John Adams, president of the Natural Resources Defense Council, said Wednesday the refusal to meet with the environmentalists stands in sharp contrast to the eight meetings Abraham had with energy and business groups in early 2001 to discuss the energy plan.
Energy Department spokeswoman Jeanne Lopatto disputed claims that Abraham was not interested in talking to environmentalists.
She said the February letter from environmentalists requesting a meeting "appears to be a form letter" to discuss energy "in fairly broad terms."
"Had they requested a meeting specifically to discuss the national energy policy and their ideas they would have gotten a different response," said Lopatto. "We were reaching out to people, especially environmental groups, to get their input."
The letter, dated Feb. 20, 2001, from the Green Group, a coalition of major environmental organizations, asked Abraham "to set aside a short while (in mid-March) to discuss important energy and environmental concerns."
It was signed by Fred Krupp, executive director of Environmental Defense. A few days after it was sent, Abraham's appointments secretary called to say Abraham was too busy, according to the environmentalists.
Vice President Dick Cheney's energy task force issued its report in May.
In March, Abraham held separate meetings with groups representing the nuclear industry, the oil industry and public utility industries to discuss the energy plan, according to documents released this week. He held no meetings on the plan with environmentalists or advocates for energy efficiency or renewable energy sources.
The environmentalists also asked to meet with Cheney, but that request too was denied. Instead, members of the Green Group met with Andrew Lundquist, the task force director, on April 4.
"Big energy companies all but held the pencil for the (energy) task force," said Adams at a news conference where NRDC attorneys discussed some of the 11,000 pages of documents the Energy Department provided the group under a court order.
Lopatto said "it should come as a surprise to no one that the energy secretary consults with energy experts. That is his job, that is something we have done from day one."
"What's the news?" asked Sen. Trent Lott, R-Miss., the Senate minority leader.
"The Energy Department talked to people who can produce more energy; EPA talked to people about environmental issues; and Interior reviewed public lands information. Focusing the task force's attention ... seems to have made for an efficient operation."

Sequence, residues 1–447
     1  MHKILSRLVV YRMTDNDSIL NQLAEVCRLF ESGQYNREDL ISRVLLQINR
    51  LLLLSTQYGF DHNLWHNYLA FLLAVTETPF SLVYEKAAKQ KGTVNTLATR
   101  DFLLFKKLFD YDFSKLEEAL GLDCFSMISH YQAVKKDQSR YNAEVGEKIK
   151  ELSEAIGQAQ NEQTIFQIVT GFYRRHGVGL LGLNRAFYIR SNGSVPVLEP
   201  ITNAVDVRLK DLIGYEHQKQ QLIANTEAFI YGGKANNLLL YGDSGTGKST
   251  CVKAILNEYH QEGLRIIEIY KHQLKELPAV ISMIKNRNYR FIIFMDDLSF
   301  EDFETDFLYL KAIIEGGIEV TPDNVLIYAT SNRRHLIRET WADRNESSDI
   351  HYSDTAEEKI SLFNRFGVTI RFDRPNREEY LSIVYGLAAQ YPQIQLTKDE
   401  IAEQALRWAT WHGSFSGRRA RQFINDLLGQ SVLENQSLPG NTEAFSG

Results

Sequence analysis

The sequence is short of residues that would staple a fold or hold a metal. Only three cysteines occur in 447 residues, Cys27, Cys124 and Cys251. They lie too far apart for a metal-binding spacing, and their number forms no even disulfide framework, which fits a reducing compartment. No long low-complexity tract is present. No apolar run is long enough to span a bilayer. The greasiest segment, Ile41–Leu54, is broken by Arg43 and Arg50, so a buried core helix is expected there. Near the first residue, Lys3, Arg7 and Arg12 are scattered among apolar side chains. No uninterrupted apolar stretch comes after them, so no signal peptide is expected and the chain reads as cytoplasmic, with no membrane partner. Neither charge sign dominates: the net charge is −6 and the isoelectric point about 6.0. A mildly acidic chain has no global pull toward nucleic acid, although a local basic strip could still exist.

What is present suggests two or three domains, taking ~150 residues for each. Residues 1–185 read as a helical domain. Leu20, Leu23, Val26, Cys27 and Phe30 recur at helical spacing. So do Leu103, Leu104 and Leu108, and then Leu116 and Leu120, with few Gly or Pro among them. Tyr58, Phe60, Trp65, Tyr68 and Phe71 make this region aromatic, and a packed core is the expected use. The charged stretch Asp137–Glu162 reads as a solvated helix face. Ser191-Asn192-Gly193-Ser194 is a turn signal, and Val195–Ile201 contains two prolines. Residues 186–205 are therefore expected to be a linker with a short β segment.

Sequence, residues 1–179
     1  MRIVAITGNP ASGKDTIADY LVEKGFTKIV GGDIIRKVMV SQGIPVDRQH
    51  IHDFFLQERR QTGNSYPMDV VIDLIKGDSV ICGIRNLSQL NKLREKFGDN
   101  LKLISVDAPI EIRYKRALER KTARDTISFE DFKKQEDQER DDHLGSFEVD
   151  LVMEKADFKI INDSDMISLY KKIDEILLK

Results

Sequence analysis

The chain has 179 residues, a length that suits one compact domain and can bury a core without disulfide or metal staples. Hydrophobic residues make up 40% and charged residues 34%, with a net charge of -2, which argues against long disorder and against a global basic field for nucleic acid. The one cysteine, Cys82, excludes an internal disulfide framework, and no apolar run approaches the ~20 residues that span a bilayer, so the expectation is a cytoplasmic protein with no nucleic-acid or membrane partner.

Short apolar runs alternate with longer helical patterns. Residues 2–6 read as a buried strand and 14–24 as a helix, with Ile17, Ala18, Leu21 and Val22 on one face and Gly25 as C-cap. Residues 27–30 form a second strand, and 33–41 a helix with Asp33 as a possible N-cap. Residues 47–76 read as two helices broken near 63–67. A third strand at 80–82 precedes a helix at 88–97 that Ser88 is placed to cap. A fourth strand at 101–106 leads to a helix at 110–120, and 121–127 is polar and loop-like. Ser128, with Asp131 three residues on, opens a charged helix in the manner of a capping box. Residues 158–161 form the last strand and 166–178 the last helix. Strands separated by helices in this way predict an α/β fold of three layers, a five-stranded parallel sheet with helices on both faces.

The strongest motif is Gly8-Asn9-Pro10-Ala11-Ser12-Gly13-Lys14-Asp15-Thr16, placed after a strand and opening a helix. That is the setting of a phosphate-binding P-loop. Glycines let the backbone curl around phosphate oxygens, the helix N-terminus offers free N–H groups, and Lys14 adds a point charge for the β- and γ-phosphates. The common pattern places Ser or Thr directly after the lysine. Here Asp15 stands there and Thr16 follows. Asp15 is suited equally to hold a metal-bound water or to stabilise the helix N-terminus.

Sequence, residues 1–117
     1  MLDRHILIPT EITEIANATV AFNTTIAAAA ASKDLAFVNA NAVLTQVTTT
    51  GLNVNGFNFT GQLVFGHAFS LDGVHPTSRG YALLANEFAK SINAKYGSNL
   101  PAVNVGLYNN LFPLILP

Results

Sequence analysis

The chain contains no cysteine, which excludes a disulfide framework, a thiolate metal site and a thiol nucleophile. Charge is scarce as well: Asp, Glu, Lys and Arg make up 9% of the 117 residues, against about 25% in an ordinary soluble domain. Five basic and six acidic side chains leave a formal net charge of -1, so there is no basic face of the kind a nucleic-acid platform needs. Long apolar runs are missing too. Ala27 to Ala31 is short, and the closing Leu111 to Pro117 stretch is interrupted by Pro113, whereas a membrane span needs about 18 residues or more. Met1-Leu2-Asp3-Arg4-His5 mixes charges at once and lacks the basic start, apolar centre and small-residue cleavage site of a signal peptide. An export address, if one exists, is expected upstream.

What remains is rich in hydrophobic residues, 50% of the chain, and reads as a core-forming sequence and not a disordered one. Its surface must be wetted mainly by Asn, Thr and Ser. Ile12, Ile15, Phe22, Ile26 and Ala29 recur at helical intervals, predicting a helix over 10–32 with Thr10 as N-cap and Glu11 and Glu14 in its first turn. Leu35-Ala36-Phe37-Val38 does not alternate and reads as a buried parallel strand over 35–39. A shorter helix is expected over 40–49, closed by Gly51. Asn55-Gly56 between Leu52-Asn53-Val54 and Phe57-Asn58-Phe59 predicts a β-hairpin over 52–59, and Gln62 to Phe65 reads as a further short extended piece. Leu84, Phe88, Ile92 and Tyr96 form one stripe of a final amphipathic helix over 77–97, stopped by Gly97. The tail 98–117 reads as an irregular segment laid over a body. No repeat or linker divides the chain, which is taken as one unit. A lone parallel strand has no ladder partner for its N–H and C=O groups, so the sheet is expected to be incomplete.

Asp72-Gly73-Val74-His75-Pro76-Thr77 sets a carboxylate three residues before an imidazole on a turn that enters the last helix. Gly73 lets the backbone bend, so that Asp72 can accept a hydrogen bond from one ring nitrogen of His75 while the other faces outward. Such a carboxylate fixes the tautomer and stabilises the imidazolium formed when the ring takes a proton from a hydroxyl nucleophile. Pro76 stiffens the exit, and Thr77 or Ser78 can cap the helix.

NRDC attorney Sharon Buccino said the documents released Monday in response to an NRDC lawsuit were "scrubbed, purged and sanitized" but still provide the "first hard evidence" of the influence the energy industry had in crafting the Cheney energy report.
But she said NRDC was filing papers with the federal court seeking a hearing to get additional documents released. She expressed astonishment that among the 11,000 pages she could find only one document mentioning Enron, which had been an aggressive advocate on energy issues in Washington before it collapse.
"We're in court asking for what was left out," said Buccino.
The Energy Department, in releasing the documents, maintained it had sought out environmental organizations, but suggested a lack of interest. "Even though contact was sometimes unsuccessful, DOE actively sought all viewpoints," the department said.
"That's the biggest lie since Richard Nixon," snapped Buccino.
Overall, in connection with the energy plan, Abraham met with representatives of at least 20 energy corporations and trade associations that gave more than $3 million to Republicans from 1999 through 2001. Democrats received at least $1.1 million from the same sources in the same period.
The Energy Department has said its extensive contact with industry executives and lobbyists who are major GOP donors was a necessary part of formulating the administration's energy plan.
"It should come as a surprise to no one that the energy secretary consults with energy experts, and whether or not these experts have made campaign contributions to the Republican Party or the Democratic Party is not an issue," Lopatto said Tuesday.